Talking Christmas and the new Noorda Center with Stephen Pullen, UVU School of the Arts Dean

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Before becoming dean of the School of Arts at UVU, Stephen Pullen worked as an associate professor and the chair of the Department of Communication and Theatre Arts at Old Dominion University in Virginia. He is also an accomplished screenwriter and producer.

 

If Christmas is the season of giving, then it’s always Christmastime at the UVU School of the Arts. From the dedication displayed by faculty and administration in giving students resources to compete in the cutthroat entertainment industry, to the generous financial gifts from the community to fund the new Noorda Center for the Performing Arts, gifts and giving are a theme at Orem’s evergreen university.

Green Christmas: Celebrating the color of giving, prosperity and the UVU School of the Arts

According to UVU School of the Arts Dean Stephen Pullen, an extraordinary arts program is comprised of three equally extraordinary elements: students, faculty and facilities.

When Stephen stepped into the role of dean in summer 2017, the program already had award-winning and nationally acclaimed faculty and talented students. And an astounding facility was already in the works — UVU broke ground for the new Noorda Center for the Performing Arts the year prior. Stephen’s job has been to continue the work of his predecessor K. Newell Dayley of facilitating a facility to foster student growth.

Just as the faculty of the School of the Arts works year-round to provide 1,700 students with the gift of experience and professional networks, the Noorda Center was made possible by financial gifts from local foundations such as Nu Skin, doTERRA and the Noorda family.

“Christmas is a time for gifts and giving, and the Noorda Center would not exist were it not for the very generous gifts of many people,” Stephen says. “The generosity of individuals and corporations has been overwhelming. People here in Utah love the arts, and they are very generous toward us and the Noorda Center.”

In March 2019, the Noorda officially opened its doors. The facility has seven performing venues including a 900-seat concert hall, 150-seat recital hall, 500-seat proscenium theater, 200-seat black box theater, 200-seat dance theater, orchestra room and outdoor amphitheater. In September, the Broadway-bound production “Fly More Than You Fall” debuted in the Scott & Karen Smith Theatre, attracting Broadway theater owners and producers to tour Utah Valley’s newest super-venue.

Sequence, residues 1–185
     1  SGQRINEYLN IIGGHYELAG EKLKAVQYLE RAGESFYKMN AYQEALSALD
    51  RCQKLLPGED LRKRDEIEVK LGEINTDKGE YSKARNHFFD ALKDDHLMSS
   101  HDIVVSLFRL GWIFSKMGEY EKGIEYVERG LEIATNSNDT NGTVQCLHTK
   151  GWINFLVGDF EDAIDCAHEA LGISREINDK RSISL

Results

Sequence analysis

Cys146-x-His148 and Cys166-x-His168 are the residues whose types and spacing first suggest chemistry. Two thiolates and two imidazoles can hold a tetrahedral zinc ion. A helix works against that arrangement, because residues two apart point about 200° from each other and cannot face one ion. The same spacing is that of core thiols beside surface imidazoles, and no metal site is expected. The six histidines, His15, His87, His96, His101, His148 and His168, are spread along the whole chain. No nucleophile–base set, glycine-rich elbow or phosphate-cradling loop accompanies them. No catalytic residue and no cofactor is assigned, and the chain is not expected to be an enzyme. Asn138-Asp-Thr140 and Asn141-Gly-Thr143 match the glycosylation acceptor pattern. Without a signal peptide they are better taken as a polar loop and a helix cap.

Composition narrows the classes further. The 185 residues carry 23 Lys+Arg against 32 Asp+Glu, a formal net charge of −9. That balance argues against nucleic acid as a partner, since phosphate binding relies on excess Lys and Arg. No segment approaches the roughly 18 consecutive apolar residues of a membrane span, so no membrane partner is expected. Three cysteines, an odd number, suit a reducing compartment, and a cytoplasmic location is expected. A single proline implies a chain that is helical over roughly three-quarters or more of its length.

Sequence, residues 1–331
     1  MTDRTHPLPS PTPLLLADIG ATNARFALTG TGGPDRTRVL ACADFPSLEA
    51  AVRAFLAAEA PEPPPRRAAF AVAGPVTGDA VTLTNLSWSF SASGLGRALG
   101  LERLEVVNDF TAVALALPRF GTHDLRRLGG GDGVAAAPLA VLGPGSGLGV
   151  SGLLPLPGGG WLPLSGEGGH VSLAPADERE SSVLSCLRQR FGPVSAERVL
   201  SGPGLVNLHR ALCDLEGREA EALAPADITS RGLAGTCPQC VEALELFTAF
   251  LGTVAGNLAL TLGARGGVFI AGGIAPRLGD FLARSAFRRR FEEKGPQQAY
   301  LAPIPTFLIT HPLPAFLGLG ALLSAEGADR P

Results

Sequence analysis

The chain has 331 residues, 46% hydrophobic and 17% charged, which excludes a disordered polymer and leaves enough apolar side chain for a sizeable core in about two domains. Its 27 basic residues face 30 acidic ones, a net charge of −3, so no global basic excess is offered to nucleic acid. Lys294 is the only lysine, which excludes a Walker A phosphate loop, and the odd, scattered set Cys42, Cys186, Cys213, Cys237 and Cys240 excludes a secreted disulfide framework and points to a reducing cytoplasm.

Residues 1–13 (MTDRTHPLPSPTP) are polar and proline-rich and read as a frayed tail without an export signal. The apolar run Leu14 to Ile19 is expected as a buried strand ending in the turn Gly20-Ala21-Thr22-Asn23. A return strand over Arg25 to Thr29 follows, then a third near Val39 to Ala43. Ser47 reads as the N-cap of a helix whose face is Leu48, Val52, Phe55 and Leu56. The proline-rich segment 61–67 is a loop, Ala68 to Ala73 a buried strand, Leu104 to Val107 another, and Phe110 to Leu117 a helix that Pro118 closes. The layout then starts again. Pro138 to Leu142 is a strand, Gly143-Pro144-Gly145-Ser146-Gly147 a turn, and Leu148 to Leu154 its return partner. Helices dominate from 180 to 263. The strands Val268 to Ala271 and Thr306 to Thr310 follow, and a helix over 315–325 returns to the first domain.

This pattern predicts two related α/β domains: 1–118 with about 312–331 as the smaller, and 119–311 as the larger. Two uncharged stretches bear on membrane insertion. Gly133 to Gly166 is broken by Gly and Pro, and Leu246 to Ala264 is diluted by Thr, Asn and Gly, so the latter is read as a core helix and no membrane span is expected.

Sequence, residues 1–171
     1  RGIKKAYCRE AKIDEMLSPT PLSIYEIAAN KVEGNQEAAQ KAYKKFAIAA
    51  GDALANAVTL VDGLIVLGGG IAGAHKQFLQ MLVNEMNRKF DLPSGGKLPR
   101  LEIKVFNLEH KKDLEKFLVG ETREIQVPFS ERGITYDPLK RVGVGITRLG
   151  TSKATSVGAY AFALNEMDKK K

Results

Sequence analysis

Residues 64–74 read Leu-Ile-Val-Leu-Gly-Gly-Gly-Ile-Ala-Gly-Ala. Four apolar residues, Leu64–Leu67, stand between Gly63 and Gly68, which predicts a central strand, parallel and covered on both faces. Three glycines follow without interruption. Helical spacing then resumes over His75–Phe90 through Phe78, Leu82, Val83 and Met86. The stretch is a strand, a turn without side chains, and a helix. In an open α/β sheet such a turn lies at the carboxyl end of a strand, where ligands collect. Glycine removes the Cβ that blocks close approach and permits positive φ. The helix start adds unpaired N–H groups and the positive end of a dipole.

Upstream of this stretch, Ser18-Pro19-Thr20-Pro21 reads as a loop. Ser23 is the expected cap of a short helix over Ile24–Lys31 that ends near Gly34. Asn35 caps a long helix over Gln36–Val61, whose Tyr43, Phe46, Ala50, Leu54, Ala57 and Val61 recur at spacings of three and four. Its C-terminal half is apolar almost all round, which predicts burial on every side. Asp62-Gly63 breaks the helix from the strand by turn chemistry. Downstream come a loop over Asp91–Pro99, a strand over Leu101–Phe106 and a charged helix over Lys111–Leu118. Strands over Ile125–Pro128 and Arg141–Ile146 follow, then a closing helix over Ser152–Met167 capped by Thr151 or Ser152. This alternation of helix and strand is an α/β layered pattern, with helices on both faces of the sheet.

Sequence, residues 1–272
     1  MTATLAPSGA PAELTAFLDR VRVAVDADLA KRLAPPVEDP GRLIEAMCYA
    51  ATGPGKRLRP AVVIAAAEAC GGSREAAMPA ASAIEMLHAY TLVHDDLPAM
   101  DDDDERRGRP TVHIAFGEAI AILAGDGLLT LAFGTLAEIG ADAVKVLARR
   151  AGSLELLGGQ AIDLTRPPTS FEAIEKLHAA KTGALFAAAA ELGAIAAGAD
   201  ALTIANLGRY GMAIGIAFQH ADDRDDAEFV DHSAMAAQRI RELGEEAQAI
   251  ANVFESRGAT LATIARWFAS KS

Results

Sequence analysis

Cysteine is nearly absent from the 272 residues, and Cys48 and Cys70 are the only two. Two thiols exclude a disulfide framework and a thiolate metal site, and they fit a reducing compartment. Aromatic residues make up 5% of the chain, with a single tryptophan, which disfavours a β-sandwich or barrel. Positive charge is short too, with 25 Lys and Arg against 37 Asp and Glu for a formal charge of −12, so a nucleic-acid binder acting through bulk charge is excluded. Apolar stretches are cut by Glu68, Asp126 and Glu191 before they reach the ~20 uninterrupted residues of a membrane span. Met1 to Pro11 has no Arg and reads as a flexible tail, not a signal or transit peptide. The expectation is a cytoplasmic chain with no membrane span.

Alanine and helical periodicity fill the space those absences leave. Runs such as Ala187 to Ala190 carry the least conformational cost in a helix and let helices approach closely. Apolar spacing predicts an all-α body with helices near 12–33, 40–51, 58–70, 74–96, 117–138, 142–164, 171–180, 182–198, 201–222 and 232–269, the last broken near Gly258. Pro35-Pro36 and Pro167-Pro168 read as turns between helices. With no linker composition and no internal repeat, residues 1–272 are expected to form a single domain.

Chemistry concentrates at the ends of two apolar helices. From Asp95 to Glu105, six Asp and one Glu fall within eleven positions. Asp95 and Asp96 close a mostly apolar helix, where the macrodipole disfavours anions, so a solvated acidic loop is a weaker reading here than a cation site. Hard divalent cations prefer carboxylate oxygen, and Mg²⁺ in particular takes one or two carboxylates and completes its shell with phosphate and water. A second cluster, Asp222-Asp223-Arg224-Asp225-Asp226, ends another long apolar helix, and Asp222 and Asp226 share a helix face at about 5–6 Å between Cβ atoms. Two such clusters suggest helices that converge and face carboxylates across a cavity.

“These theater professionals have seen it all and have lots to compare to, and they’re saying our facilities are the best they’ve ever seen,” Stephen says. “The Noorda Center gave us not just state-of-the-art facilities, but I would argue the best facilities in the state of Utah — maybe even in the entire Northwest region. These facilities are truly spectacular.”

The Noorda is amid its 2019-2020 professional arts season with a star-studded lineup of talent such as Audra McDonald, Jeff McCarthy and Bernadette Peters. Because Christmas and the arts go so well together, Stephen especially wanted to pack the month of December with performances by Ashley Brown, Danú and the Depue Brothers.

“We’re going to really excite the people of Utah County, which is part of our objective but not our primary purpose,” Stephen says. “Our primary objective centers on creating events and experiences that will give UVU students a tangible, meaningful edge as they go out into this treacherous industry and compete.”

For example, during the debut of “Fly More Than You Fall,” UVU students worked on the production with the writers, producers, actors, and costume and set designers. Now the students who starred in the production can not only add the experience to their resumes, but can also leverage professional connections after graduation.

“That experience simply cannot be replicated in a classroom,” Stephen says. “There is no way for students to learn what they will learn on stage. Our students deserve to perform on Broadway, on television shows and movies in Los Angeles, and in the New York Philharmonic or Carnegie Hall. We are building bridges to those iconic places.”

The Green Talking

For Stephen Pullen, both the color green and the season of Christmas represent the unity of a community.

“It’s a time of year when our society becomes friendlier, kinder and more conscientious. And then beautiful things happen. It’s a celebratory time of year when goodness prevails. I love that,” he says.

As for the love of green, it goes deeper than the mascot’s sweatband.

“Green means go,” Stephen says. “Green means life. It means prosperity, right? All of that is wrapped up in one color. Especially on Wolverine Wednesday, you see just about every dean wearing a green tie and a lot of times green socks. You see our president with a green streak of hair. It’s not just for fun. It’s not just to say to the students, ‘Hey, we’re one of you.’ It’s a statement that says, ‘We believe profoundly in the mission of this university.’”

Originally published in the 2019 November/December issue of Utah Valley Magazine as “Green Christmas: Celebrating the color of giving, prosperity and the UVU School of the Arts”

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